Prediction: Now you'll tell me I'm wrong. Okay fair enough. :-) Answer this question: "Hydrogen doesn't grow on trees. Where do we get the hydrogen from?"

    The answer is:
    "Use other energy forms like oil/coal/solar/nuclear to make it." Making hydrogen is equivalent to charging a battery. It acts as an energy carrier, not a source.

  • robertsmxrobertsmx Member Posts: 5,525
    Hydrogen isn't being created, it is being extracted. Gasoline and diesel don't exist as you pump them in your vehicle either, crude oil needs to be processed!
  • electrictroyelectrictroy Member Posts: 564
    "Hydrogen isn't being created, it is being extracted."

    Extracted from what? Using what energy source?


    NOTE TO MODS: Hydrogen fuel cells are hybrids.
  • robertsmxrobertsmx Member Posts: 5,525
    Perhaps coal, or hydro or nuclear or wind. I don't know, but my original point was that hydrogen is no different from gasoline or diesel or CNG as a source of energy to drive vehicles.

    Remember again, energy is transformed, not created. This is true, regardless of the kind of fuel we're using.
  • railroadjamesrailroadjames Member Posts: 560
    As we progress in the development of the hybrid can we all agree that we're in the infant stage of the various hybrids? Aside from that, what about solar panels mounted on the roof of the hybrid? Could solar panels increase battery power enough to make an adequate & significant addition of power by tapping the SUN or would the weight be a deterant? One other thought. What about special lubricants or sythetics? Is there room for advancement there? I tend to have nothing but praise for my PRIUS. I do see a big range of MPG's (38-48) for no apparent reason other than tempertures.
    Culliganman (back to our future)
  • electrictroyelectrictroy Member Posts: 564
    "Perhaps coal, or hydro or nuclear or wind. I don't know, but my original point was that hydrogen is no different from gasoline or diesel - ROBERTMSX"


    Which is what I originally said: "Hydrogen is not an energy source. It's an energy carrier (like a battery). You still need another energy source like solar or nuclear to make the H2."

    And you say there's no difference, but there is. It's the math:
    oil 100watt - 1000 watt
    H2 100watt - 10 watt

    The hydrogen fuel cell hybrid is a lossy system. You spend 100 watts to make it, and only get 10 watts back. The hydrogen Hybrid makes no sense.

  • robertsmxrobertsmx Member Posts: 5,525
    I've thought about it, as well as using a small turbine to generate small amounts of electricity.
  • robertsmxrobertsmx Member Posts: 5,525
    If you go by the rules, there is no source of energy! If you say hydrogen is only a carrier of energy, you shouldn't disagree that gasoline or diesel are too! That's my point of contention to yours.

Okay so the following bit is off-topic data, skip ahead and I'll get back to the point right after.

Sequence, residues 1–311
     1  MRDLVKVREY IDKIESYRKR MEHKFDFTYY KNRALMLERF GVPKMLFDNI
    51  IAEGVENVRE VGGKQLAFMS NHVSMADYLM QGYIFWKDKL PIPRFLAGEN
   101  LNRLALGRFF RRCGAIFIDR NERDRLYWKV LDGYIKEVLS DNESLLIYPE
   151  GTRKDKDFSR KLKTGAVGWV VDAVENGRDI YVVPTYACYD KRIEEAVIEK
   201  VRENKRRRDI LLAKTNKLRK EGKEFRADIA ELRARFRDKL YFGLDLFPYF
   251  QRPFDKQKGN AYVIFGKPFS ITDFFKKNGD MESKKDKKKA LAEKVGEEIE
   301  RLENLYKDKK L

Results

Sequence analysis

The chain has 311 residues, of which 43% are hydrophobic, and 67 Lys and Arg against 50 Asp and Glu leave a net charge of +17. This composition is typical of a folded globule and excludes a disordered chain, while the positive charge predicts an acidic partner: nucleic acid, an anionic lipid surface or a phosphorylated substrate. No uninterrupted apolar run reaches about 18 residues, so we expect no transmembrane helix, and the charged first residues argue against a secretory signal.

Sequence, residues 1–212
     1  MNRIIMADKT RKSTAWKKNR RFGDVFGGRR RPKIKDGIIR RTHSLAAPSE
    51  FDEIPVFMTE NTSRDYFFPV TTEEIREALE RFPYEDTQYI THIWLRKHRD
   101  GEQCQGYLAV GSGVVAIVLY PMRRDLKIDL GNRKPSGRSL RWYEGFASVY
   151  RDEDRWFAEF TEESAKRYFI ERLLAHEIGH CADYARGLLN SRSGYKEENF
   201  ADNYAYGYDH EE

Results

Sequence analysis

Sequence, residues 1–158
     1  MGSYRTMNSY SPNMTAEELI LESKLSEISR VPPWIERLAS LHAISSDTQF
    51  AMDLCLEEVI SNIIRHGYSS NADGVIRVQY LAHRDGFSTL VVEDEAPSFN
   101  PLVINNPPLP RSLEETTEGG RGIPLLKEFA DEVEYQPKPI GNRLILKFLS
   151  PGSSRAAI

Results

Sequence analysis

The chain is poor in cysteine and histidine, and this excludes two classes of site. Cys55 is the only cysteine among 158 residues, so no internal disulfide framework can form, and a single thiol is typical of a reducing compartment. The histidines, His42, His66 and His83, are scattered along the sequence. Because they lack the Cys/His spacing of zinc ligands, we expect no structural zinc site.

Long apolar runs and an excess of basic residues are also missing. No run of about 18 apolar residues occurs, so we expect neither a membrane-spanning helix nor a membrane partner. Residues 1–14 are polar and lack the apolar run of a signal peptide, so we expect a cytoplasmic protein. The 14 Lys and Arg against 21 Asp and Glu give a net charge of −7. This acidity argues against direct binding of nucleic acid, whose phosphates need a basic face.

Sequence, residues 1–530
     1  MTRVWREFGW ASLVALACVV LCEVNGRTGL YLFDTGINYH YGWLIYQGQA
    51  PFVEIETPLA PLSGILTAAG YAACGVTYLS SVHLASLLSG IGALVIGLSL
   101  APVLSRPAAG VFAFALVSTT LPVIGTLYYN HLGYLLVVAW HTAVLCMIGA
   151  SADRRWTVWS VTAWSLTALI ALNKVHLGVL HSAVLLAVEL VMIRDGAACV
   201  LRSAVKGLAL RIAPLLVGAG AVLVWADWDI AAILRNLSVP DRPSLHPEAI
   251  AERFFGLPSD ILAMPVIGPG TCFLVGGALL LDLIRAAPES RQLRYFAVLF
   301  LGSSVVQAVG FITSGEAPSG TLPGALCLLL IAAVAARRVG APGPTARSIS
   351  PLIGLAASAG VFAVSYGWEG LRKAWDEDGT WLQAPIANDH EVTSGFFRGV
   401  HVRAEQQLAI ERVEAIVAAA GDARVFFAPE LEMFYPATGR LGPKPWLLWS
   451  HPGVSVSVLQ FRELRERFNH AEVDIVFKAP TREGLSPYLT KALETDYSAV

• electrictroyelectrictroy Member Posts: 564
    You missed my point. Let me repeat it:

    H2 Production Cost = 100 watt
    H2 Yield-In-Car = 10 watt

    The hydrogen fuel cell hybrid is a lossy system. You spend 100 watts to make it, and only get 10 watts back. The hydrogen fuel-cell hybrid makes no sense.
  • electrictroyelectrictroy Member Posts: 564
    extracting hydrogen from water is extremely expensive. This is why it's not done, commercially. Hydrogen is made from natural gas. It's a fossil fuel, with all that that entails. If hydrogen were to be electrolyzed from water, let's look at how it would compare to gasoline:

    Gasoline - $2.09 / Gallon
    Diesel - $1.49 / GGE (Gasoline Gallon Equivalent)
    Biodiesel - $ 2.50 / GGE
    Ethanol - $3.00 / GGE
    Hydrogen (nuclear) $4.00 / GGE
    Hydrogen (wind) $6.00 / GGE
    Hydrogen (pv) $10 / GGE
  • electrictroyelectrictroy Member Posts: 564
    Interesting. Somebody's pretending to be me (message#26). Wonder how that was done?


    Thanks for the details on cost, but my main concern is energy. To me it makes no sense to spend 100 watts to make H2, when you only get 10 watts back in the car.

    And for changing natural gas--->hydrogen, that makes no sense either. If you're going to use natural gas, just buy a natural-gas car, and burn it directly! (Like the Civic GX.)

  • robertsmxrobertsmx Member Posts: 5,525
    No doubt that there needs to be a lot accomplished before (and if) hydrogen can become a viable alternative to conventional fuel. It is a work in progress, and although Honda has had FCX CARB/EPA certified for commercial use and has leased a few of those to several agencies, the technology is not ready for general population, yet. Here is a news item that relates to the same:


    HES II is the further evolution of a joint development effort by Honda and Plug Power to produce a home refueling unit that provides hydrogen from natural gas for vehicle refueling, heat for domestic hot water use and electricity for the home.